Being unpopular can make life easier for companies – just ask BP and HSBC
When you're as hated as banking and the oil sector, it doesn't take much to pull off a nice surprise. John Stepek explains what that means for investors.
This morning, companies in two of the most hated sectors in the market released their results.
There are benefits to being hated. Not many, I’ll grant you.
But one of them is that you don’t have to do much to surprise people on the upside.
And that’s exactly what the banking and oil sectors have done today...
The banks benefit from everybody hating them
Let’s start with the banks.
The nice thing about being widely hated as a sector, and incapable of doing right, is that it means you can be pretty aggressive about forecasting bad news without it necessarily devastating your share price or your reputation.
When you’re in the gutter already, there’s only so much further down to sink. (Yes, I know some smarty pants out there is pointing out that zero is still a lot further down than gutter levels, but I don’t think any of the banks are actually going to go bust.)
During the last quarter, most banks reported that they’d be putting aside big provisions for bad debts due to Covid-19.
Now it seems that things aren’t going to be quite as awful as they’d expected. This morning, HSBC reported far lower bad debt provisions than analysts had been expecting, which in turn meant that quarterly net profit was a good deal higher than expected.
Ewen Stevenson, the group’s chief financial officer, told the FT that “we have seen a real stabilisation of the economic view… the tail risks around [coronavirus] have diminished”. Meanwhile, CEO Noel Quinn said “there is strong evidence of a ‘V-shaped’ recovery in Asia”.
The bank is even considering reinstating its dividend. Unsurprisingly, the share price rose strongly this morning.
It was a similar story over at Santander. The Spanish bank said that its customers have taken less of a hit than expected. Those who took repayment holidays have returned to making payments more quickly than forecast. As a result, it expects full-year loan losses to be less drastic than expected.
This is all good news. The obvious issue, of course, is the question of what impact the ongoing pandemic will have. Yet, so far it’s clear that however badly governments have handled other aspects of the crisis, the generalised financial support that’s been forthcoming appears to have offset the worst-case scenarios.
Can we assume that it will continue to do so? That’s a dangerous assumption, although on balance I think the odds are in favour.
Life has to go on. Outside of the very hardest hit sectors, companies are picking themselves up and getting on with things. It's clear that if governments throw spanners in the works again with heavy-handed lockdowns, then compensation needs to be forthcoming (we’ve seen that here already).
So, on balance, the banks are probably right to be more upbeat on the future.
Another point I’d make. Banks are only able to be very gloomy on the outlook for non-performing loans (ie, bad debt) when they are secure in the state of their balance sheets.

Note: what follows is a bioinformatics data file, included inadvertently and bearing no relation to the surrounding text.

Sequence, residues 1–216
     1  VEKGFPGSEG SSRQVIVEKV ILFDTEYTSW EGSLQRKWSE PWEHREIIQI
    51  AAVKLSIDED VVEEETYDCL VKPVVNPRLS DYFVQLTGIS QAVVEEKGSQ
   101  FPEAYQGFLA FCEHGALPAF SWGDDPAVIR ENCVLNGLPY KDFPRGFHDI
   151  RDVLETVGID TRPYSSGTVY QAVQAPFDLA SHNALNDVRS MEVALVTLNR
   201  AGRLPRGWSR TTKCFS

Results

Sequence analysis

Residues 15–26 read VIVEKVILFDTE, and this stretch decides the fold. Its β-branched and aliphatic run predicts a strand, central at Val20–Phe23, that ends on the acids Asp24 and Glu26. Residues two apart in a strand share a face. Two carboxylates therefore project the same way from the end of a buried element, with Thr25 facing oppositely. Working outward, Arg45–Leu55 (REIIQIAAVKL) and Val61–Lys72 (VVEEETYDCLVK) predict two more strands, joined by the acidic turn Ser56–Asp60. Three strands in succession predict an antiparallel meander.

If you’re interested in investing in the sector, I’d look out for the banks that have been happy to look at worst-case scenarios head on. I’d be more circumspect about the ones that might be trying to put a brave face on things – that suggests they aren’t really in a position to taking a hit on bad debt.
Oil companies might turn into nice little earners
So, what about oil, which is, if anything, even more detested?
Well, today BP came out and reported a third-quarter profit. That was better than the small loss that analysts had expected.
The company wasn’t exactly upbeat. The shares made a bit of a nudge higher, but that hasn’t stopped them from still being more than 10% lower than their crash low on 23 March. (That’s quite something given the rebound in markets generally since then.)
BP benefited mostly from not having to write off the value of its exploration assets this time around. That’s because it already did it. So, yes, that’s not exactly hyper-bullish either.
But what can we say? Let’s assume – which may or may not be reasonable – that the oil price is now just about at its lowest ebb. It might not go up a lot but it probably won’t go down a lot from here.
Let’s also assume that BP doesn’t completely ruin itself in the race to go green. That might be a possibility in the future, but right now, keeping an eye on the pennies is a priority, which suggests that it won’t make any wildly unwise investments in “blue sky” green projects.
What does that leave you with? A company that’s sitting on a decent chunk of reserves of a commodity that’s still vital to the smooth running of the global economy. A company that also isn’t spending anything on the expensive process of finding that commodity.
In the medium-term, you’re looking at a company that will probably churn out a decent amount of cash for a decent number of years. There’s also a side bet on the potential for higher oil prices than might currently be expected. And an outside bet (though I wouldn’t back this one) on a highly successful transformation into an alternative energy company.
Given the current price, that doesn’t seem like an awful thing to have exposure to.
If you think oil and banks aren’t as bad a bet as the market seems to believe, then the reality is that a FTSE tracker fund will do you fine.
But if you want something a bit more tailored – well one of our favourite investors just had a chat with Merryn the other day, and he told us about his favourite banking stock. There’ll be more on that in our 20th anniversary issue.
If you don’t already subscribe and you want to get your hands on it, you need to sign up now – it’s out on 6 November. You get your first six issues free – what are you waiting for?